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Death by a Thousand Cuts (Englisch) Gebundene Ausgabe – 4. März 2008

4.7 von 5 Sternen 3 Kundenrezensionen

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In 1904, a French photographer documented the Chinese practice of "lingchi," a form of execution that involved slicing off limbs and pieces of flesh. Europeans recoiled from what appeared to be a gruesome, lingering death, citing it as evidence of a uniquely Oriental ruthlessness. This fascinating study argues, however, that "lingchi" was not entirely about physical suffering--the victim was typically sedated with opium, and killed early in the process--but about a "loss of somatic integrity," the posthumous shame of having been reduced to body parts. Crimes that merited "lingchi" ranged from killing a paternal grandparent to, in at least one case, cheating on taxes. Throughout, the authors do their best to downplay the exoticism of their subject, pointing to such Western practices as drawing (disembowelling) and quartering (dismembering): "It is hard to see much distinction in degrees of cruelty."

This is a learned and educational book. -- Jonathan Mirsky "Literary Review" (11/01/2008)

[This book is] a rude awakening to jolt us from the overused numbness and put us face to face with the origin of the phrase, the torture of lingchi. Because history has been sanitized by countless retellings of television drama and simplified texts, the practice of torture is often misunderstood, even by those of us who thought we knew such things. In this notable book, the authors delve into historical archives to produce documents, photos and analyses that are more nuanced than a Hong Kong movie of torture fest, such as the legendary Chinese Torture Chamber Story. Approached by a Western perspective, the authors debunk the traditional Western notion that ruthless executions were rooted in the Chinese culture. Yet, the details they use are not for the faint of heart.--Raymond Zhou"China Daily" (07/09/2008)

The authors present a nuanced picture of state-imposed execution and, without at any time condoning, succeed in their goal of contextualizing lingchi in relation to Western forms of punishment, noting the availability of the death penalty for a variety of relatively trivial offences in 18th-century England, as well as the appalling conditions that prevailed on prison ships that sailed from England to Australia...At a time when the debate about what constitutes acceptable forms of physical punishment, as well as the thorny question of a divergence between Western and Asian concepts of human rights, is so prevalent, this challenging and important work will appeal not solely to Sinologists, but to legal historians and students of visual representation.--Julian Ward"Times Higher Education Supplement" (05/08/2008)

I highly recommend "Death by a Thousand Cuts" as a book that offers a broad introduction to a history and a culture by concentrating on a single subject.--Steve Noyes"Vancouver Sun" (04/26/2008)

This elegant and innovatively transnational book is intent on restoring "lingchi" to the legal, moral, and political context in which it made some kind of sense--this is a history of violence that refuses to take the place of pain and violence in human life as timeless...With judicious analysis, imaginative reconstructions from difficult and sparse sources, and a compelling sense of injustice driving it all, the book is gripping.--Priya Satia"Times Literary Supplement" (02/27/2009)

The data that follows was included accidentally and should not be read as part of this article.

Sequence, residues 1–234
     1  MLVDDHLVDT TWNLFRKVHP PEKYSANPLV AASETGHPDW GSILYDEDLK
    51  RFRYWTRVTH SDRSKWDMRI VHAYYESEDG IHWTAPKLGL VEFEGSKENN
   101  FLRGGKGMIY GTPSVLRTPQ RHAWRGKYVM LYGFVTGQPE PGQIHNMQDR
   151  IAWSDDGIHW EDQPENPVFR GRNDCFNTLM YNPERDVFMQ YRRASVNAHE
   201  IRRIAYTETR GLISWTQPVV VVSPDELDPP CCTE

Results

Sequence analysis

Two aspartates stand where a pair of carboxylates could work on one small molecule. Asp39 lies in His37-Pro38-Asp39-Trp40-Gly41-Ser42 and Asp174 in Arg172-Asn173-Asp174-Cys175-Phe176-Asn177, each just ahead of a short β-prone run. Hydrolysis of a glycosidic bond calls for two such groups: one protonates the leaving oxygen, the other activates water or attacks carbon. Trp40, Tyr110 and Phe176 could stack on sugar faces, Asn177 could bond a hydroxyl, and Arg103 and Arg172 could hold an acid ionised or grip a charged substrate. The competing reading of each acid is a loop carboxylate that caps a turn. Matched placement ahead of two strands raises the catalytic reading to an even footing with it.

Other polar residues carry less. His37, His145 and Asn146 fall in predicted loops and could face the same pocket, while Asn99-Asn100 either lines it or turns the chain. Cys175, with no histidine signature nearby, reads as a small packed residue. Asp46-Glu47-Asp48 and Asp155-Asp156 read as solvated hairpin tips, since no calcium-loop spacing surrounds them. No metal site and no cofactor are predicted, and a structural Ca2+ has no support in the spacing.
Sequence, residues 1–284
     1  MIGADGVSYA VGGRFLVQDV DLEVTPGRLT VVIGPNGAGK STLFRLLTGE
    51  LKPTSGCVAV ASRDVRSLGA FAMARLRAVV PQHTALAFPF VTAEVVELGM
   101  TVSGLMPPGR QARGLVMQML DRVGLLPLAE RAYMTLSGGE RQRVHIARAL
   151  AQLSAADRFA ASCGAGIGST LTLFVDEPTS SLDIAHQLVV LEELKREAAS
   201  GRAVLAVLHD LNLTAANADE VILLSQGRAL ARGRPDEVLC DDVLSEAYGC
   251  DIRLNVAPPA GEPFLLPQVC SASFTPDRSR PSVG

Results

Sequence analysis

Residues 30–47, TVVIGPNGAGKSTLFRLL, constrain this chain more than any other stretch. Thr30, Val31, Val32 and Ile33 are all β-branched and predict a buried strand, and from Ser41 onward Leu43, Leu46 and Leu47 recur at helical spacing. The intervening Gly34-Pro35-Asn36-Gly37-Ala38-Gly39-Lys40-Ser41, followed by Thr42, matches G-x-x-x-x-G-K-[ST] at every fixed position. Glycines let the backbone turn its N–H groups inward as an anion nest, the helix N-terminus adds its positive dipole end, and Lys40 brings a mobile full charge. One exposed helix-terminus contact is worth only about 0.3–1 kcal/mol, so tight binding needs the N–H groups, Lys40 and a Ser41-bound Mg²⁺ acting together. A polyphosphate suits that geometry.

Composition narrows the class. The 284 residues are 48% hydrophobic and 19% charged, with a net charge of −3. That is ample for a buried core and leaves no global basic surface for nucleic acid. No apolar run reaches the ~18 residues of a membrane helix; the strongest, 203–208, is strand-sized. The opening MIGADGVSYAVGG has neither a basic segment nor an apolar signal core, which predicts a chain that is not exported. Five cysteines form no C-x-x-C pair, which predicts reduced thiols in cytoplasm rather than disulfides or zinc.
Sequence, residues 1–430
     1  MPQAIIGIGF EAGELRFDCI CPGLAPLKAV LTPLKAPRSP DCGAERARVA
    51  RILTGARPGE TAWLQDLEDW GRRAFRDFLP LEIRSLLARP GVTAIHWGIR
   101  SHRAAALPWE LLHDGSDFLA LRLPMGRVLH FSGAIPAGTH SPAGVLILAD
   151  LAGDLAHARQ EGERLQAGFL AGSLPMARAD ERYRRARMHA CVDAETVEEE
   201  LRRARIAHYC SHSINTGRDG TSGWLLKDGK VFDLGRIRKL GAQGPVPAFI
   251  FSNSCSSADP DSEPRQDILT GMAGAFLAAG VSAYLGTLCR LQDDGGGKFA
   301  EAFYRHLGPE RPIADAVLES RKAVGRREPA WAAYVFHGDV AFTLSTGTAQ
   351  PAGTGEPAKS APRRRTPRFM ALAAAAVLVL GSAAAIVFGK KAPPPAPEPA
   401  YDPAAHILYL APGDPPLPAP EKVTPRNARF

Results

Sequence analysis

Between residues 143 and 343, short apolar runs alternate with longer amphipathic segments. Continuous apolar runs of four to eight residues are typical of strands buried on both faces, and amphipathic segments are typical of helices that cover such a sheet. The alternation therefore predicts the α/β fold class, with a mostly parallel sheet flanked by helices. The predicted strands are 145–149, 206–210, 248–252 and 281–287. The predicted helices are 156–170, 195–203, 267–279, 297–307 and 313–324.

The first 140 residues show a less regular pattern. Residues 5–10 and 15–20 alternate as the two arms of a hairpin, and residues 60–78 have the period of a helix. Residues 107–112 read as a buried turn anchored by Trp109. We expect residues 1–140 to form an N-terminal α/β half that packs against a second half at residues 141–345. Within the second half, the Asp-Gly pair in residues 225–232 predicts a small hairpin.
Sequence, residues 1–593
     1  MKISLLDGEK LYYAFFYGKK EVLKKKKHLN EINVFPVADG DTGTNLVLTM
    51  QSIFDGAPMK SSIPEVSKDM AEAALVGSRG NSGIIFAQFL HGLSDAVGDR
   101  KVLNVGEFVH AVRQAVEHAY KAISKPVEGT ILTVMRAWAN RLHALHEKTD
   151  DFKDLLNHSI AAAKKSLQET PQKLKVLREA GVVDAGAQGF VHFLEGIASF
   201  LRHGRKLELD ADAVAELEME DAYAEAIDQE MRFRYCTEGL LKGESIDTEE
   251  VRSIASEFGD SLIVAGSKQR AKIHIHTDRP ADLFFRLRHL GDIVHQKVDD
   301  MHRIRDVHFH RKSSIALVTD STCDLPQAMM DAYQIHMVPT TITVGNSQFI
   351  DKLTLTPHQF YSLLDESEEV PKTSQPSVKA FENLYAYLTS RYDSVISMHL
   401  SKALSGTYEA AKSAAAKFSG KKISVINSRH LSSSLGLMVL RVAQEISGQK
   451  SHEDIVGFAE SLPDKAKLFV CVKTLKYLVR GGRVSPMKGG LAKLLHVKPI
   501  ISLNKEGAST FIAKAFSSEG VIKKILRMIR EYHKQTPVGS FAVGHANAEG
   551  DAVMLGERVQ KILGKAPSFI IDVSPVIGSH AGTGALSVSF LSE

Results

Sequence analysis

This is a learned and educational book.--Jonathan Mirsky"Literary Review" (11/01/2008)

Foucault's work explicitly informs "Death by a Thousand Cuts" but the purpose of this new book is different from that of the French philosopher. This fascinating and necessarily appalling study describes how photographs of the executed man were circulated by French soldiers and other westerners in the imperial capital and the images added to others of "oriental despotism." Be warned: this is a close reading of "lingchi" and its significance, which means it contains plenty of toe-curling descriptions of slicing flesh and gougings. Not for the faint-hearted, it offers an engaging insight into the way China's highest legal punishment came to feed into western notions of imperial China as a cruel society.--Clifford Coonan"South China Post" (08/17/2008)

An ambitious, important book that will stimulate wide reflection. The authors explore the most infamous of Chinese tortures, tracing the ways in which the concept of 'death by a thousand cuts' took on a life of its own in European discourse about China, as well as in China's discourse about itself. Not the least of the book's virtues is the way it dismantles hasty judgments and received ideas about Chinese culture, ideas that leak from past to present, from the judicial realm to other areas of human activity. Its interdisciplinary reach and the brio with which it is carried out are remarkable.--Haun Saussy, author of "Great Walls of Discourse and Other Adventures in Cultural China"

This original and ambitious work reaches out to a wide audience. It aims to explain the general position of 'torture' in the Chinese legal system and the specific roles of the extreme punishment known as lingchi, 'death by slicing, ' in Chinese political practice. The authors draw on an impressive range of materials as well as an unusual variety of visual images to situate the practice of lingchi in Chinese history, world history, and Western imaginations. The book is revelatory on Georges Bataille's uncertain role in his famous work presenting Chinese death by slicing amidst European practices. The reconstruction of the history of the lingchi practice itself is nuanced and judicious.--R. Bin Wong, author of "China Transformed: Historical Change and the Limits of European Experience"


In a public square in Beijing in 1904, multiple murderer Wang Weiqin was executed before a crowd of onlookers. He was among the last to suffer the extreme punishment known as lingchi. Called by Western observers "death by a thousand cuts" or "death by slicing," this penalty was reserved for the very worst crimes in imperial China.A unique interdisciplinary history, "Death by a Thousand Cuts" is the first book to explore the history, iconography, and legal contexts of Chinese tortures and executions from the tenth century until lingchi's abolition in 1905. The authors then turn their attention to an in-depth investigation of "oriental" tortures in the Western imagination. While early modern Europeans often depicted Chinese institutions as rational, nineteenth- and twentieth-century readers consumed pictures of lingchi executions as titillating curiosities and evidence of moral inferiority.